Tag Archives: guard goose

Broody Hen Adopts Gosling

The last few weeks have gone by so fast! I was furloughed from my work because of covid-19, so I’ve just been avoiding public places and enjoying life on my little farm. I’ve actually been doing a lot more cooking/baking and crafting lately, but I have done a few things outside.

I have a few places in my yard that are basically a no-man’s-land, as far as planting in the ground goes. So this year, I decided to reclaim one section by using above ground planters. It’s out of the way, behind the chicken coop, so rather than investing in something expensive, I just went with large storage totes. So far, it’s been brilliant.

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If you notice that some of the leaves are a bit…nibbled on, that’s the fault of my chicken, Ellie. She likes to help out in the garden, and takes her pay by taste-testing my veggies for me.

One of my Muscovy hens has gone broody, and has staked claim to a corner of the overflow coop.

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She’s super sweet, not aggressive at all, and completely unflappable. My corgi managed to get in the coop with her yesterday, and stood there,¬†barking in her face, and she just sat there and waited for him to go away. I did not think the eggs were fertile, because my one drake suffered a penile prolapse early this Spring, and ended up losing his…ahem…male equipment. This isn’t a problem for him, but it should mean no fertile eggs for me. I ordered three pekin ducklings to foster with her, but the day before they arrived, I double-checked her eggs by candling them, and miracle of miracles–about five have babies inside them! I don’t know if they’ll manage to hatch, but since they should be due any day now, I’m holding onto the pekins, and hopefully if she hatches some muscovies in the next few days, I’ll be able to slip the pekins in with them. I can’t give them to her now, because she’d abandon the eggs. You don’t know how hard it is to avoid snuggling three perfect little fluffy yellow ducklings! But I don’t dare give them much attention, because then they would imprint on me, and not accept her.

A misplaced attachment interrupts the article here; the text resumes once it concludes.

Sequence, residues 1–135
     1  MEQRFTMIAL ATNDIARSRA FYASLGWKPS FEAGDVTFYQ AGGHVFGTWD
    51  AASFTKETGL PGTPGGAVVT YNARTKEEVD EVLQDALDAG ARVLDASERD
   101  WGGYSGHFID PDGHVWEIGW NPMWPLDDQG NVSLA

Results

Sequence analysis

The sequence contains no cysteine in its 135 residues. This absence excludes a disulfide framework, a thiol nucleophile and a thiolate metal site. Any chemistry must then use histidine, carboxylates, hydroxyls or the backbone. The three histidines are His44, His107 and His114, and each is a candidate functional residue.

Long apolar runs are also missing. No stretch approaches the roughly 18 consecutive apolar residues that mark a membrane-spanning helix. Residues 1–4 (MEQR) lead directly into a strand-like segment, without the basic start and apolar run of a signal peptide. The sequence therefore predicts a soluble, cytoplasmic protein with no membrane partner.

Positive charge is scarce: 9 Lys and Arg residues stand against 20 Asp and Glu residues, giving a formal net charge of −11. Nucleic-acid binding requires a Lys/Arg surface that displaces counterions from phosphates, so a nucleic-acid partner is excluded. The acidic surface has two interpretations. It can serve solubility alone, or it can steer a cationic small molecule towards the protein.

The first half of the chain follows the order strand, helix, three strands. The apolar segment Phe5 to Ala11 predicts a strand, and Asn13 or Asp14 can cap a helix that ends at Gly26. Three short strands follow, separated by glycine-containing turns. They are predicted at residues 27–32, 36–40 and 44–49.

And speaking of perfect little fluffy creatures…along with the pekins, I got my future chicken guard goose! Meet Sophie.

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She’s a tufted Roman goose, and is currently being fostered by my best broody hen, Ophelia. Ophelia didn’t even bat an eye at this strange new baby. Along with Sophie, I gave Ophelia two chicken chicks too, because I wanted Sophie to have ‘sisters’. Chickens are mean girls, and it really helps if you’re brand new, to have a few brand new friends.

I still need to figure out names for these two. The silvery grey one is a Lavender Orpington, and the brown one is a new hybrid called a Colorpack. It’s part Cream Legbar, so I will have colored eggs, either blue, green, or pink.

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And just to show the size difference between a chick and a gosling…here’s Sophie and her sisters: